Human rights and religion in Bolivia : why is the Catholic Church advancing human rights?
Di Fabio, Andrea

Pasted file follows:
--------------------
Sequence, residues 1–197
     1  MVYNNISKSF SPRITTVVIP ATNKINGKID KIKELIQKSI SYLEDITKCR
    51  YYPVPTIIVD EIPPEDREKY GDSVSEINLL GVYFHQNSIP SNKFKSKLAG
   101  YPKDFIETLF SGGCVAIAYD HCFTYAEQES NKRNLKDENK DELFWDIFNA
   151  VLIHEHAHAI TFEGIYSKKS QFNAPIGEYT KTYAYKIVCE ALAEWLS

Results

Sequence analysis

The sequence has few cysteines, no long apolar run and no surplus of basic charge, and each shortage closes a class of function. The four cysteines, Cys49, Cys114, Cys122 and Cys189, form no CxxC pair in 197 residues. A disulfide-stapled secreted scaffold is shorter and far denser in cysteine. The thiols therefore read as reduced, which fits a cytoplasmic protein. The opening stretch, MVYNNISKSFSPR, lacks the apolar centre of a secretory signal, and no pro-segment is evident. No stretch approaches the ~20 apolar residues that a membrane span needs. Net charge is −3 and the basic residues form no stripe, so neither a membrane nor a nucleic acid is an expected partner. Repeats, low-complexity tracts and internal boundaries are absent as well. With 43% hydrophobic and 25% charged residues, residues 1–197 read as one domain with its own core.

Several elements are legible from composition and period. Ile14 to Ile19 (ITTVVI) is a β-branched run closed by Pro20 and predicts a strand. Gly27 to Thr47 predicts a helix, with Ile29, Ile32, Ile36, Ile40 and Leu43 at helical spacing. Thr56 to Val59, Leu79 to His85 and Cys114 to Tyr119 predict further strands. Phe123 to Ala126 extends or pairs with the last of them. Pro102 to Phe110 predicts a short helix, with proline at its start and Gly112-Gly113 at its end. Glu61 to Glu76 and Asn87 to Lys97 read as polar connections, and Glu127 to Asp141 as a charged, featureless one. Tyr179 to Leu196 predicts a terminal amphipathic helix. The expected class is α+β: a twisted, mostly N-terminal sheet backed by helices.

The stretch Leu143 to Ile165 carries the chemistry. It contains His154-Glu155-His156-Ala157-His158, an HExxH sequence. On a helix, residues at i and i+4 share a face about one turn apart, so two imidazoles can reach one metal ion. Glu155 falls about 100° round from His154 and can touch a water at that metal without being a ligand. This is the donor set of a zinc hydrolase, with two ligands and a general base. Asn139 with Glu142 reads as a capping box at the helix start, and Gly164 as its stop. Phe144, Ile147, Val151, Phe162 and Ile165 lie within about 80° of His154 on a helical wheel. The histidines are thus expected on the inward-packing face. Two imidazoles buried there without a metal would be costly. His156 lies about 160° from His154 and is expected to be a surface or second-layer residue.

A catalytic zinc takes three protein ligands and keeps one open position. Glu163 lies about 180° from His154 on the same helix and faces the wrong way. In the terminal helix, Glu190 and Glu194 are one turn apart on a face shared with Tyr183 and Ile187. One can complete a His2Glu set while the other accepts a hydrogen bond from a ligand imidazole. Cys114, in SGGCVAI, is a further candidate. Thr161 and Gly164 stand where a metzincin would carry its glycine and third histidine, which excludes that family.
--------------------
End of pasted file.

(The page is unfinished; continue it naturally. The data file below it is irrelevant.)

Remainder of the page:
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The aim of this thesis is to shed a light on the factors that shape the relationship between the Catholic Church and human rights in the case study of Bolivia. Over the last decades, Bolivia has been affected by the emergence of a “mestizo and indigenous” democracy. The Bolivian Catholic Church has played a crucial role in the process. She has progressively integrated the human rights discourse on specific issues into her theological and religious framework, despite internal and external resistances. In particular, indigenous rights; economic, social and cultural rights; the right to a healthy environment and the protection of the environment have become the core of the Church's socio-political mission and action in the country. The thesis will show that, in contrast to other common interpretations, the Church's advancement of human rights (dependent variable) is better understood as the result of a process of organizational learning (independent variable). This process began in Bolivia thanks to the positive interaction between “local Catholic actors” and mestizo and indigenous communities at the grassroots level. More generally, this research aims to improve the crucial understanding of the interaction between human rights and religious paradigms at the empirical level, adopting a social scientific approach.